Once upon a time, I used to buy generic bobbins for my Brother and Singer sewing machines, but I ran into so many problems that now I only buy genuine bobbins for them. 

5. Adjust Presser Foot Pressure. 

adjust presser foot pressure

While I’m always fiddling with presser foot pressure on my embroidery machine, serger, and coverstitch, this isn’t something I fine-tune often on my sewing machine because I typically sew fabrics within the realm of normal weights. 

Now, most entry-level sewing machines do not have presser foot pressure options, but if your machine has a knob or another way to adjust presser foot pressure, you can adjust this also to troubleshoot skipped stitches. 

Typically, if your presser foot pressure is too low, the fabric is not secured adequately and will move as you sew. 

When the needle pulls up out of the fabric, the fabric can rise with the needle since the presser foot isn’t applying enough pressure to keep it down. This can cause skipped stitches. 

So, increase presser foot pressure to a higher number to combat this possible sewing issue. 

6. Assess Tension. 

adjust tension

Adjusting the tension on my sewing machine is a last resort, as problems are almost always caused by something else.

However, if your tension settings aren’t close to default and you don’t have a reason for them to be there, reset them to default and make small adjustments to see if this fixes skipped stitch issues.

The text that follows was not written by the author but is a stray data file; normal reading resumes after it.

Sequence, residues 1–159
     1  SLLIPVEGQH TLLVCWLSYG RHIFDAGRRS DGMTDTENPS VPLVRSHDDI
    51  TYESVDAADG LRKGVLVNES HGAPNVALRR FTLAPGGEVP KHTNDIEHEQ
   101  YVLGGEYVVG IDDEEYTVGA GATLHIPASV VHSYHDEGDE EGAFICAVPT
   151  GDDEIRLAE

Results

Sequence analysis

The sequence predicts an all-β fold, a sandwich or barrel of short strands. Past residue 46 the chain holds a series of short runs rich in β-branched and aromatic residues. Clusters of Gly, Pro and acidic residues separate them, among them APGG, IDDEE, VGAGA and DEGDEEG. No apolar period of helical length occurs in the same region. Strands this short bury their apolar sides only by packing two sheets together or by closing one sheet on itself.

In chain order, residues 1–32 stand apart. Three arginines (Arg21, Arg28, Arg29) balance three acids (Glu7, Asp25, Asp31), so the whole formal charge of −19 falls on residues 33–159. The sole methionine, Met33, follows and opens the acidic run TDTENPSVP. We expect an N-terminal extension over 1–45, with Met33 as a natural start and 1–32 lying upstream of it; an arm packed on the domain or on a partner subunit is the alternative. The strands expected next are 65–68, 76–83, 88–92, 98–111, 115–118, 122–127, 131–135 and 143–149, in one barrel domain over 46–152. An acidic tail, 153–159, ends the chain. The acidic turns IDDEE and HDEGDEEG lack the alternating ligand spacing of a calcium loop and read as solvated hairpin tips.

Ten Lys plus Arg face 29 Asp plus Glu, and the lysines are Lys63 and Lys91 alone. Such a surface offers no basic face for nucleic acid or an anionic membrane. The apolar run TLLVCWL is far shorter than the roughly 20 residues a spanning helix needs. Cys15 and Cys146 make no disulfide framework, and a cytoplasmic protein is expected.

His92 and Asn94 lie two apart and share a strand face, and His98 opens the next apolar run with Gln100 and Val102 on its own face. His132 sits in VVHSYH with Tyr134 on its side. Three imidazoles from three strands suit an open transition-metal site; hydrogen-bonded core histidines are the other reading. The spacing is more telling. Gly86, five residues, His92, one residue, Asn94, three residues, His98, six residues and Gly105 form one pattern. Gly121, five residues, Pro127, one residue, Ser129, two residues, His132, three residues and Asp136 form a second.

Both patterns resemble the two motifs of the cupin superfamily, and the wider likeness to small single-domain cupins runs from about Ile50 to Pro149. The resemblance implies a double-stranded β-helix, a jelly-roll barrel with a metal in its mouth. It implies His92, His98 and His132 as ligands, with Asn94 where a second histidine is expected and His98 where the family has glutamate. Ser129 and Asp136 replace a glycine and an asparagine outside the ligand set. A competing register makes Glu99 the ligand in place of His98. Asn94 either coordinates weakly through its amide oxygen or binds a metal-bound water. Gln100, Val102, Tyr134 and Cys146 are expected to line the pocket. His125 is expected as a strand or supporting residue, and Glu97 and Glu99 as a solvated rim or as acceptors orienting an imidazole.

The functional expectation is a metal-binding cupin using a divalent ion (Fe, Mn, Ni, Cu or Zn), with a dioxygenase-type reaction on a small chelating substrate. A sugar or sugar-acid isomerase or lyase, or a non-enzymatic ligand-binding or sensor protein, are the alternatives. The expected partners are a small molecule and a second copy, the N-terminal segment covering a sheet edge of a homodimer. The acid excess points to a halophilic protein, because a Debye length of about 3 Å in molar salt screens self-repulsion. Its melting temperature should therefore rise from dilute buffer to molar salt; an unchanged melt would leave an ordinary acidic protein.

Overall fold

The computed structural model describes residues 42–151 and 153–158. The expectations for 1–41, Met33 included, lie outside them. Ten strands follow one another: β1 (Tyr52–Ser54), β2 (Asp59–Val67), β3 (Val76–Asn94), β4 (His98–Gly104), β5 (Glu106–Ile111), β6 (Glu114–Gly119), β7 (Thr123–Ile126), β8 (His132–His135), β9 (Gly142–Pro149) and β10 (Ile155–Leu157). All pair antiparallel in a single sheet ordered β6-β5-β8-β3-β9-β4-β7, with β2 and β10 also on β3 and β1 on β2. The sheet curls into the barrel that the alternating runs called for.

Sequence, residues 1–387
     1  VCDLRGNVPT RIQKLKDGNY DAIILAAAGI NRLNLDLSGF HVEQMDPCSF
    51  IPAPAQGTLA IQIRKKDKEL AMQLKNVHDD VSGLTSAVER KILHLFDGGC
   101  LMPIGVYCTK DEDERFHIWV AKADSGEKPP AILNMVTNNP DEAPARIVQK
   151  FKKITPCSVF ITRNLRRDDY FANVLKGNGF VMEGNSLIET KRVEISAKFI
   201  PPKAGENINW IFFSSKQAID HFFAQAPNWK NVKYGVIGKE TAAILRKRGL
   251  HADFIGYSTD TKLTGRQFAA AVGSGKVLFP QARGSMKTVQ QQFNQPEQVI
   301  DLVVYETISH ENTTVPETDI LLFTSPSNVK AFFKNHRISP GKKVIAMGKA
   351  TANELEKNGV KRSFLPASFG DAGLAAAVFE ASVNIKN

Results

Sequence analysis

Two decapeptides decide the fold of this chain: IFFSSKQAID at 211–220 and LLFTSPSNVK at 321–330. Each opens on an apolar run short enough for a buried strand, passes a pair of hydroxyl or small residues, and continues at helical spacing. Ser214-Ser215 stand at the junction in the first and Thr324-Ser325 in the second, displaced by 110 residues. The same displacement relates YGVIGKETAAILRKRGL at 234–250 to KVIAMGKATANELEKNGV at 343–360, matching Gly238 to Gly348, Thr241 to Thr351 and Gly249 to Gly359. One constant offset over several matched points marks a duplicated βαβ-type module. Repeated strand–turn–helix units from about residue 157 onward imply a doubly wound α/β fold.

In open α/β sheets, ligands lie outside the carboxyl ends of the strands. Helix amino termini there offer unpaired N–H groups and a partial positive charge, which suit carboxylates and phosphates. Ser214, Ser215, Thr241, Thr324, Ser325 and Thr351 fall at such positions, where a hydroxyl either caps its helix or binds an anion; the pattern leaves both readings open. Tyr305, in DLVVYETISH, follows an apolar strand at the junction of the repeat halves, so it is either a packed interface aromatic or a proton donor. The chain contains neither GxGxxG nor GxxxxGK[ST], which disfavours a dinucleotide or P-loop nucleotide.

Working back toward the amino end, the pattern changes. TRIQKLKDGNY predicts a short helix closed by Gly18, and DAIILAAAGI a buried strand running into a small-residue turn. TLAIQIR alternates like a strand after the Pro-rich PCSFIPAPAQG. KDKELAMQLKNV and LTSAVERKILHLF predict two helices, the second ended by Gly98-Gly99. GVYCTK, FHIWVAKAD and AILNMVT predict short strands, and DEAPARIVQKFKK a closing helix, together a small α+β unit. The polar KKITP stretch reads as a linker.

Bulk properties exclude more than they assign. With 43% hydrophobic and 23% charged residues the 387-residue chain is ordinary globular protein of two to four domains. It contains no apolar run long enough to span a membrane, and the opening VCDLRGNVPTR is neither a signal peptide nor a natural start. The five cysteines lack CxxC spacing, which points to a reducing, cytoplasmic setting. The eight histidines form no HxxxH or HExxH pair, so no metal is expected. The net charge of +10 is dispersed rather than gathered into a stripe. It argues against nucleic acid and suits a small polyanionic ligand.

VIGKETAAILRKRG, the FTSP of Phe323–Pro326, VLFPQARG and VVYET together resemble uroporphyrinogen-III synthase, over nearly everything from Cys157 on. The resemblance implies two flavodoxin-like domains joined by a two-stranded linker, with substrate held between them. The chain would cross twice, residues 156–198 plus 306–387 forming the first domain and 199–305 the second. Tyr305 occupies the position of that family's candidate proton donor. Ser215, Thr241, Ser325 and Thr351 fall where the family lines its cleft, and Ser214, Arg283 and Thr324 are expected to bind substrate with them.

7. Opt Out of Basting Spray, Fusibles, and Other Sticky Things.

decrease spray adhesive use

As with missed sewing stitches due to fabric rising when there’s not enough presser foot pressure, another thing that causes fabric to raise with the needle is sticky stuff.

Glues, basting spray, hem tape, and even iron-on interfacing can also build up on the needle and in the feed dog area, which can affect stitch formation. 

While I use these supplies more when working with my embroidery machine, I do sometimes experience problems with them while sewing. 

For example, basting spray is common when free-motion quilting with a darning foot. If this is the cause of skipped stitches, switch to a different product (I’m currently loving Odif 505) or baste with safety pins instead. 

8. Fix Skipped Stitches at Seams.

singer 4452 clearance plate in action on seams

If your machine is skipping stitches when sewing over seams, here are things you can do:

  • Decrease presser foot pressure to allow the presser foot to navigate over the hump. 
  • Use the handwheel to advance one stitch at a time rather than breezing over bulky areas at high speed. 
  • Flatten the seam before sewing. (I have to do this often when covering stitching over seams.)
  • Switch to a stronger needle with a better point.
  • Try a clearance plate or hump jumper to get the presser foot up there. Some presser feet will also have springs on their left side to help in this situation.

9. Consider Timing Issues and Other Bad Stuff.

If you’ve checked every part of your sewing machine and still have skipped stitches, you might need to take your sewing machine to a repair shop. 

While you can try to adjust timing, for example, on a sewing machine by yourself, this really is better left to someone with experience. 

However, I hope this long list of troubleshooting steps for skipped stitches on a sewing machine helps you get your machine back to stitching as it should without the need for a trip to your local sewing shop!